I've done a loooot of studying around this to see past extracted verses and scriptures (which is how a lot of people tend to read the bible) to try to get a clear picture of the heart of God and why there are so many warnings in the bible about money/wealth. Jesus is God and his home was heaven (aka the MOST abundant place ever). He was always taken care of and provided for, but I don't think he cared about having possessions while he was on earth because his mission was to be the messiah and BE the gospel.
Matthew 19:16-30 - I think this passage is specifically referring to "entering" the kingdom of heaven. Meaning that it can be hard to see a need to be "saved" if you are already so secure in your wealth. I think that's why there are so many scriptures about the "meek" and "poor"—because they tend to come to Jesus much more easily, readily, and humble than someone who might feel like that have it all. Ultimately, God wants our hearts above all. If something will get in the way of that (aka an "idol"), God wants us to be willing to give that up. Jesus didn't tell Zacchaeus to give up his money even though he was super wealthy too (Luke 19:2).
To expand on this passage a little bit further, the greek to describe the young man saying he had "great possessions" in v. 22 does mean materially wealthy (ktema="possessions, property, lands, estates"). But in v. 23 the greek word is "plousios" which can mean both a) "wealthy, abounding in material resources" and b) "metaph. abounding, abundantly supplied; abounding (rich) in Christian virtues and eternal possessions." To those who say "rich" is mistranslated and actually means the latter, doesn't make a ton of sense when you break it down. I suppose on one hand it's possible he could have meant the second definition (seeing that he said he had "kept all the commandments since he was a boy"), but I think it's unlikely because if he did it would translate as "And Jesus said to his disciples, 'Truly, I say to you, only with difficulty will a [person abounding (rich) in Christian virtues and eternal possessions] enter the kingdom of heaven.'" which doesn't really make sense.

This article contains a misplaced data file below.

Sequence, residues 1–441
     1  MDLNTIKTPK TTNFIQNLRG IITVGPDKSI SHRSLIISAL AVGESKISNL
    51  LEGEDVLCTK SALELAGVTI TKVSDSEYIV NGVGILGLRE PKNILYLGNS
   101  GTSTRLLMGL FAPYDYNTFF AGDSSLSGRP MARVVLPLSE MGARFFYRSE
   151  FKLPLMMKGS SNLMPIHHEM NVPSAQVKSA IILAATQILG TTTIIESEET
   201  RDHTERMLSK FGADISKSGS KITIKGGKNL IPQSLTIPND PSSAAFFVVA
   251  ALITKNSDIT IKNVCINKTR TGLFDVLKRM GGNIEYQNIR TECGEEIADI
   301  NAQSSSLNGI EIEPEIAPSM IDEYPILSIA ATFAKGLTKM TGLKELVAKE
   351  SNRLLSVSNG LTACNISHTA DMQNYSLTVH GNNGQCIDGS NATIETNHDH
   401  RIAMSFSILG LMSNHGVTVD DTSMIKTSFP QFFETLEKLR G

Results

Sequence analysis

I personally feel totally aligned with the belief that money is not inherently good or bad, because the bible never says that it's one or the other. But I do think there's a reason that money/wealth/riches/possessions are mentioned over 800 times, making the second most talked about topic in the Bible. From my understanding, it's because money can be a very tempting thing that can pull our hearts away from truly desiring God first and pursuing him and the kingdom first. I think it's about being honest about what your priorities are and what's most important (Matt. 6:21).
I'm still studying this out, and I think it'll be a lifelong journey, but I think the most important piece is first understanding what God desires, which is always our hearts. I think if we can make sure that's always devoted to him first, then the rest will fall into place.